Duffy: "The climate is actually, in one way anyway, more robust than was assumed in the climate models?"
Marohasy: "That's right ... These findings actually aren't being disputed by the meteorological community. They're having trouble digesting the findings, they're acknowledging the findings, they're acknowledging that the data from NASA's Aqua satellite is not how the models predict, and I think they're about to recognise that the models really do need to be overhauled and that when they are overhauled they will probably show greatly reduced future warming projected as a consequence of carbon dioxide."
From The Australian, here.
Any large scale decisions about climate change that feed into policy will cost massive time, energy and money—and of course, if the climate change consensus is correct that will be time, energy and money well spent.
But if that time, energy and money is spent without careful thought both as to the nature of the problem, and the best possible solutions to it, then it has the potential to divert funds away from genuine and current problems without any measurable benefit. Hunger in Africa, or Indonesia, or Pakistan or... are serious current issues that seem to have dropped off the public radar. And within Christian churches, as well as these problems that face the world we ought to be spending a good deal of our time, it seems to me, praying for our brothers and sisters under persecution in places like Iran, Iraq, Palestine, Turkey, Nigeria, the Sudan, North Korea... the list is really quite long.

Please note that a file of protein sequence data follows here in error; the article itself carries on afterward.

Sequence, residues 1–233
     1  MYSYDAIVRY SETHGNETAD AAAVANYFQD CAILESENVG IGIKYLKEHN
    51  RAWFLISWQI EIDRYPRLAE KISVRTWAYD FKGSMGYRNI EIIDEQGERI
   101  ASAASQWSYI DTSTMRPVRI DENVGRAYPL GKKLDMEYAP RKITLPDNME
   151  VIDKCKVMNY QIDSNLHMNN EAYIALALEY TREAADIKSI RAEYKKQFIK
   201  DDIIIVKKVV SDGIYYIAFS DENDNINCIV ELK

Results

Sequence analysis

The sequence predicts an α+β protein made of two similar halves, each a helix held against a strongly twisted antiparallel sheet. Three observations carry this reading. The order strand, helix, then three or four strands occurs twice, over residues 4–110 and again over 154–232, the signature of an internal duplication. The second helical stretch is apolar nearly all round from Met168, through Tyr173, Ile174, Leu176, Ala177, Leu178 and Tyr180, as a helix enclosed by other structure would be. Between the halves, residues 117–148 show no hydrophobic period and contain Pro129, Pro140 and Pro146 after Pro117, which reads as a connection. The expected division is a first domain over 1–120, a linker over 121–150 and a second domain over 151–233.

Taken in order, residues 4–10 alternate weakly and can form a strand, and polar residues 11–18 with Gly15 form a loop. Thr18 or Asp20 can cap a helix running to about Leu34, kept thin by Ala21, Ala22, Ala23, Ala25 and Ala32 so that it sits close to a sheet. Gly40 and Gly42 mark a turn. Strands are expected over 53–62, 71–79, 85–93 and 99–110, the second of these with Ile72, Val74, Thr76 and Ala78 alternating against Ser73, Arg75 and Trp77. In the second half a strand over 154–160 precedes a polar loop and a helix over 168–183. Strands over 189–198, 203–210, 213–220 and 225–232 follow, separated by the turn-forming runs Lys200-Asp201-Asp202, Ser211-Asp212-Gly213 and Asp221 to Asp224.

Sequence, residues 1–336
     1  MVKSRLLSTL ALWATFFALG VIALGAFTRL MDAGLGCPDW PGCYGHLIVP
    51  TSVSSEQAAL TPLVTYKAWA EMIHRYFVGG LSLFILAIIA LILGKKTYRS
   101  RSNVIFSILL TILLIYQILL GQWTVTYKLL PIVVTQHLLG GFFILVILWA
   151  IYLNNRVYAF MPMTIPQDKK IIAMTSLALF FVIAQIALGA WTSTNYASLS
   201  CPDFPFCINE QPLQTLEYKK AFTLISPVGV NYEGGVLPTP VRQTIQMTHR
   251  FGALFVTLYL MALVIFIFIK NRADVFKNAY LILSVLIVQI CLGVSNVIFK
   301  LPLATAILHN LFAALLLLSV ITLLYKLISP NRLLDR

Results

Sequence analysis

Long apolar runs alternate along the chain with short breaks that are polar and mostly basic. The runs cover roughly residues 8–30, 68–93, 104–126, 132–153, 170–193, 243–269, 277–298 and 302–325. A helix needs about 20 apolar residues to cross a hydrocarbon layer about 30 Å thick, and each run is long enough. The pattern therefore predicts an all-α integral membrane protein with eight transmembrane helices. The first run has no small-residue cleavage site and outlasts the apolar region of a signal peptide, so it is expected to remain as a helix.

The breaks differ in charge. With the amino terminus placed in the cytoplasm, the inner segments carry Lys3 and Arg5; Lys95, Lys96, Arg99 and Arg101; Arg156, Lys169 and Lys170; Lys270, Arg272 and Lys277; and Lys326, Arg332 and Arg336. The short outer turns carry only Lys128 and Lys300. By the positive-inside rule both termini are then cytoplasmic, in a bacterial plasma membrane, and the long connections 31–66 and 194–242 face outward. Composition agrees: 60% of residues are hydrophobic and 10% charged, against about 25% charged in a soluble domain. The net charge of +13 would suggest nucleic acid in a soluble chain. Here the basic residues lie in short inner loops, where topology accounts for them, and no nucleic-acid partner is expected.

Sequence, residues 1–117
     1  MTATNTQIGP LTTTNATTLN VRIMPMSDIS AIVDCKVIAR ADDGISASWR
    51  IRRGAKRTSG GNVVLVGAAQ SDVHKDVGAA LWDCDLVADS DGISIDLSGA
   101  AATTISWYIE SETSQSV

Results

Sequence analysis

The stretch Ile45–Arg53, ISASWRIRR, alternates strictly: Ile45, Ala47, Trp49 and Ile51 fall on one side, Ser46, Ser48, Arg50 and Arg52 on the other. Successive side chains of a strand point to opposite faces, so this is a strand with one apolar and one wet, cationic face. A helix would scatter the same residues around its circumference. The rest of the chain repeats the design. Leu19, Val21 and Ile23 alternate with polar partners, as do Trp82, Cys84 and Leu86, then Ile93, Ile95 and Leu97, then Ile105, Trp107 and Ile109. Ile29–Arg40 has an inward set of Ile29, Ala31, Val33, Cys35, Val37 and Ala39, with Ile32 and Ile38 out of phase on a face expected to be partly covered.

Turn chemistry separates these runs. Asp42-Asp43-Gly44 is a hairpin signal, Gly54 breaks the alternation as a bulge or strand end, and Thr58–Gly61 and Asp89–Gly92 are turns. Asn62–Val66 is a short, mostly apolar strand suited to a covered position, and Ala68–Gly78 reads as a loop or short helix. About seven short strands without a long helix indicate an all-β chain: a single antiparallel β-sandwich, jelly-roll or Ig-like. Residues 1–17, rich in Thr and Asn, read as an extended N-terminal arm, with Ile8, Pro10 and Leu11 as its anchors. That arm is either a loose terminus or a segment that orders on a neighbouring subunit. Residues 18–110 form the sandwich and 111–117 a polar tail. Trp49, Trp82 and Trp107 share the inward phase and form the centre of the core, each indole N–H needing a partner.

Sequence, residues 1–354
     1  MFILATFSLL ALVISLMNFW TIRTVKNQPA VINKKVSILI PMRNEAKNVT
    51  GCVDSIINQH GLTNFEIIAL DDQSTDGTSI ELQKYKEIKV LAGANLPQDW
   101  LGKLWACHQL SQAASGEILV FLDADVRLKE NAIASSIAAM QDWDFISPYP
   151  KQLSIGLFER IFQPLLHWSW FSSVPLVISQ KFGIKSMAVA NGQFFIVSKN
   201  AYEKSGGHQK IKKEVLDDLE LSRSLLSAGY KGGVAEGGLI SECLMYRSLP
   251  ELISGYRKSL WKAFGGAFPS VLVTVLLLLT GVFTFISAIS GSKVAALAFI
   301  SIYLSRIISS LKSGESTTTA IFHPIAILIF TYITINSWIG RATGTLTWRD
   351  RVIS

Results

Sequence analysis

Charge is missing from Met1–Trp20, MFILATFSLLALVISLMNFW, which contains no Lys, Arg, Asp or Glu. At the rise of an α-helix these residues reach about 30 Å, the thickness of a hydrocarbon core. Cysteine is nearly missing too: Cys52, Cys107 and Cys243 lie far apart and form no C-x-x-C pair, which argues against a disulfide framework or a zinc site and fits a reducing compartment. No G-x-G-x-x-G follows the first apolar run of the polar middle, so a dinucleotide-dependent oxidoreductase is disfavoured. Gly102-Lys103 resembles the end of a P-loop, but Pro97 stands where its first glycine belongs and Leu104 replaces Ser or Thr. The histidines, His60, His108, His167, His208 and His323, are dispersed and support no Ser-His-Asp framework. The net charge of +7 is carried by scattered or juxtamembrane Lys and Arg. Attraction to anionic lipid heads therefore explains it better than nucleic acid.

Compassion matters; but that compassion at a personal level ought not as a general rule to be going into the politics of climate change. That's true in the church; and it's true in the secular world too, especially when that climate-change moralizing distracts us from problems closer to home. Immediate problems like binge-drinking or any number of social ills that are affecting individuals and families around our city.